A Leading Perspective

Pragmatic insights for the leader in you


Courage from the Bayou

I had the pleasure of traveling to Baton Rouge this past week to speak at the Louisiana State Conference on HR. I’m dubbing this conference one of  “courage.”  While it wasn’t the theme, nearly all of the significant messages I am taking home with me are about bravery, valor, nerve or grit.


Jay Kuhns, Vice President, Human Resources of All Children’s Hospital in St. Petersburg Florida, spoke of having the courage to lead.  His keynote covered issues such as making the right decisions, even when they aren’t popular, and daring to fail.

courageHis lively and inspiring presentation highlighted that even the best of HR professionals get wrapped up in our blankets of comfort (known as rules in all other parts of the business).

Further, we fail to realize the value…and dare I say necessity…of throwing the blanket aside and doing something different, doing something that makes a positive impact, doing something that actually helps move the company move towards its goals.


I attended Jeff Waldman’s breakout session on diversity and inclusion.  The content of his message was what I expected…he encouraged his audience to think outside of typical “inclusion” or “acceptance” initiatives such as recruitment and outreach and instead, systematically integrate inclusion, diversity, acceptance, appreciation, etc. into all aspects of the business.

His delivery, however, screamed of courage.  Jeff, severely hearing impaired since birth, told stories of his own life that called to mind my tendency to take things for granted and my extremely limited idea of what “courage” and “gumption” really meant.

As a Human Resources professional and leader, I think it’s healthy to have these gentle reminders…or perhaps even “in your face” reminders…that help everyone realize that our “stories” explain so much!  I also think it’s our duty to develop activities and initiatives that ensure knowledge, acceptance and appreciation of individual differences can occur.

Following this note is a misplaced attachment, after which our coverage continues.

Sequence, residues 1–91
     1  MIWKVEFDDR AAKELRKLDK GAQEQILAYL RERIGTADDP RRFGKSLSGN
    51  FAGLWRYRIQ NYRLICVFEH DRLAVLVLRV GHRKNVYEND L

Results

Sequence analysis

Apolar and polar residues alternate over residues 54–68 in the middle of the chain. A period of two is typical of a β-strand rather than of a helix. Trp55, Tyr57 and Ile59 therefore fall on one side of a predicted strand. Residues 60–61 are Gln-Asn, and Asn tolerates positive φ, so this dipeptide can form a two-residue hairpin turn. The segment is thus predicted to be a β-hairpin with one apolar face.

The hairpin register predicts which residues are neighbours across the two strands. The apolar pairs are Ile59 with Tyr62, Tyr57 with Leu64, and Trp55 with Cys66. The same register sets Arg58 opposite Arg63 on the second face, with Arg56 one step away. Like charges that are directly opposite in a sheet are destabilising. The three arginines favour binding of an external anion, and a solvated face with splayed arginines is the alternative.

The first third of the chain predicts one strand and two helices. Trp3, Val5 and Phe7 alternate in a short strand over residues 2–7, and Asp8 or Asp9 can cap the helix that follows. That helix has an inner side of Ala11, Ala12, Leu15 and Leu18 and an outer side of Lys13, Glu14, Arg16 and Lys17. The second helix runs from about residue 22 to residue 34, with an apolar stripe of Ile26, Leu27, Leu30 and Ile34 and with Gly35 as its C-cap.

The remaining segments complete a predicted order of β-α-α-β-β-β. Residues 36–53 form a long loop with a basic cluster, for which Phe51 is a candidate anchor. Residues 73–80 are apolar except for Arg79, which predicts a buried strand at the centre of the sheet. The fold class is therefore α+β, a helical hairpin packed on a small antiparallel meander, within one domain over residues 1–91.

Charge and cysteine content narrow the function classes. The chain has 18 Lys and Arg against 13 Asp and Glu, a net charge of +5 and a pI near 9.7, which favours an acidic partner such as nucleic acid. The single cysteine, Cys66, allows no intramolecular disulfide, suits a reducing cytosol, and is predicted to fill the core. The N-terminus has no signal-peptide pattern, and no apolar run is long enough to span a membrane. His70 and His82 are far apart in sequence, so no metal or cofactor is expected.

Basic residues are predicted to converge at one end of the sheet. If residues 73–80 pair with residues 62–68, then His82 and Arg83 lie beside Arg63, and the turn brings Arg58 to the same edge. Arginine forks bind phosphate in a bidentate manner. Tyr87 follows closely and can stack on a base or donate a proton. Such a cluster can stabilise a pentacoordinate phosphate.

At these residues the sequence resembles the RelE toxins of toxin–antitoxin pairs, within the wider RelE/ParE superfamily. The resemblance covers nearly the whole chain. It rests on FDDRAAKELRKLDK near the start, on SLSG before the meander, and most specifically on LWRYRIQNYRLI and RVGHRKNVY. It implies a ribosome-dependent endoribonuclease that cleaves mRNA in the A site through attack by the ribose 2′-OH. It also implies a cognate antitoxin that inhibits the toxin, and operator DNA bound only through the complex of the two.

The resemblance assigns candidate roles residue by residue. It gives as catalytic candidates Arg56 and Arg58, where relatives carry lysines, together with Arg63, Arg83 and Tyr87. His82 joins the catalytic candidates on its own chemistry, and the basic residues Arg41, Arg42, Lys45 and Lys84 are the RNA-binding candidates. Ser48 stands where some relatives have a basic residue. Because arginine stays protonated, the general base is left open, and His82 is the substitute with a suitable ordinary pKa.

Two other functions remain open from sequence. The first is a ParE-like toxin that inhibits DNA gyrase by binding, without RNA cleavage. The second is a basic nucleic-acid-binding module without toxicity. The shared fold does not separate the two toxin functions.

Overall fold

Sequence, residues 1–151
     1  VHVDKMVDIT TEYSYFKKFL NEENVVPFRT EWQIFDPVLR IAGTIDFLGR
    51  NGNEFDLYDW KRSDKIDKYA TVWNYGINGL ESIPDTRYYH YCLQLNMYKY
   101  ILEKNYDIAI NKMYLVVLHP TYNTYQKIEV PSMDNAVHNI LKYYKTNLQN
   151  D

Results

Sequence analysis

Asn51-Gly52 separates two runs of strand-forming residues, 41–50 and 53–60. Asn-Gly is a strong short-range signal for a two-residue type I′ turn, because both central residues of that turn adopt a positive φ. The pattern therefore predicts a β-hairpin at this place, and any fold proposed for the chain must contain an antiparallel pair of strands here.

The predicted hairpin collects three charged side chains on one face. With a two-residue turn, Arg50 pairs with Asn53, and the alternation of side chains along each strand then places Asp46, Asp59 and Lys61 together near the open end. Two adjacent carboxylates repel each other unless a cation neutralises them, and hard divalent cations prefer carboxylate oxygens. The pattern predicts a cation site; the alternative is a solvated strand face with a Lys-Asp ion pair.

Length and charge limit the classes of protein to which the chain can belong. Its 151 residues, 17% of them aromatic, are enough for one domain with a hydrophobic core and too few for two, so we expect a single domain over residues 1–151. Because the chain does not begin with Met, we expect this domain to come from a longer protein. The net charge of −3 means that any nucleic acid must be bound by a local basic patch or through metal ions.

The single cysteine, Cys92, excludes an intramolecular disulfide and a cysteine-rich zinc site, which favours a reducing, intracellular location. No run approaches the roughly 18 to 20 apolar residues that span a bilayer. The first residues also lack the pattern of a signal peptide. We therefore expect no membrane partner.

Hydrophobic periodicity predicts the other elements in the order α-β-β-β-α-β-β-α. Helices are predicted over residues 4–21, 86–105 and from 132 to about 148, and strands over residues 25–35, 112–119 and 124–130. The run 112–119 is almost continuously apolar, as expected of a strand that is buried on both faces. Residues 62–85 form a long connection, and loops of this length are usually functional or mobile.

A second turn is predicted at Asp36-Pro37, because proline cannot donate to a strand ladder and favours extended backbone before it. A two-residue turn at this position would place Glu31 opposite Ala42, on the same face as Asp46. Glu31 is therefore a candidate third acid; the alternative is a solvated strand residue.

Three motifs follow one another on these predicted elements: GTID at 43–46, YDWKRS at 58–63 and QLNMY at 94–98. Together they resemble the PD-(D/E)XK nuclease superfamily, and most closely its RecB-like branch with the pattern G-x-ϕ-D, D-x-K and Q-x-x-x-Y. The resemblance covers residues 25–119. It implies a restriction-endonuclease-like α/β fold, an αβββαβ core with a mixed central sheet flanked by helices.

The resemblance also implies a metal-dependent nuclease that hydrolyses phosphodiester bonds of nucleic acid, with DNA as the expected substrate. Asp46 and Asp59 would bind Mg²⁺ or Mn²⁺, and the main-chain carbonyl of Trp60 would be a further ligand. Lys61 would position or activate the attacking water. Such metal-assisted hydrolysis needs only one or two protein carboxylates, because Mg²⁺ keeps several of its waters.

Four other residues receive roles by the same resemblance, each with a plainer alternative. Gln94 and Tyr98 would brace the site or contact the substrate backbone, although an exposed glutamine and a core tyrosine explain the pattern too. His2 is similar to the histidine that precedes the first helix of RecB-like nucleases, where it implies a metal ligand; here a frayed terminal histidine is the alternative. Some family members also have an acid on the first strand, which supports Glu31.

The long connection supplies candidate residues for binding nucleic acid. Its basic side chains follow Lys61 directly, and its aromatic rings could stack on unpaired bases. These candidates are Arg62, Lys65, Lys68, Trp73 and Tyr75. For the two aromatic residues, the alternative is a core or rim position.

I was lucky during this trip to stay with a friend, Mary Ellen Slayter.  While she presented a topic that inferred courage (the courage and confidence to employ remote workers in her own business), it was the “off conference” discussions in which she shared her insight about personal sacrifice, fear and courage that resonated most with me.

Our discussions reminded me that from time to time, we have to leap into the unknown.  We do this not because we are so damned excited about what we’re leaping towards but because staying where we are is damaging.  Does this take faith? Of course it does, but it’s not faith that gets you to jumpit’s courage.

As a manager, of course I want to “know” what lies ahead…so I can plan and act accordingly.  However, this is a luxury I don’t often have and instead, I must have the courage to move forward anyway.



Finally, on my last evening in Baton Rouge, I couldn’t sleep and ended up connecting online with an old friend.  He and I had a conversation about courage that, while similar to those I had with Mary Ellen, had a slightly different meaning.

Our discussion validated that it takes courage to walk away from something somewhat “comfortable” knowing full well that the days, weeks and perhaps even years ahead will be incredibly difficult, painful or otherwiseBut we do it anyway, because it’s the right thing to do. We do it because staying “comfortable,” while always an option, is a cop out, is wrong, and conflicts with what we believe in.

As a leader, I need to be constantly aware of my values and the principles that guide me in my decisions and actions.  Likewise, I need to be cognizant of when a situation is in conflict with those values and dig deep for courage to do the right thing and move me, my team or the situation away from it.


I knew this wasn’t going to be “just another HR Conference” and a simple trip to the quaint little city of Baton Rouge, Louisiana; I had no doubt that Robin Schooling and the LASHRM14 conference committee would have created an incredible event.  Indeed, they did not disappoint and I received valuable information and I met an incredible group of professionals to add to my “posse.”


But in addition, I flew home with some much needed reminders of what my role is as an HR Professional, leader and manager.  Indeed, I was reminded of what my role is as a mother, sister, daughter and friend.

Courage…do you have it?



CourageEmployee RelationsHuman ResourcesLeadershipRole of HRSHRM

Heather Kinzie • April 15, 2014

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  1. Patty Huston April 16, 2014 - 2:04 pm Reply

    Hi Heather,
    So sorry that I didn’t see this blog earlier. I’m in Vidalia, LA, which is just down the road from Baton Rouge. I would have made the trip to see you. Hope all is well. I sure miss all my HR buddies in Alaska!

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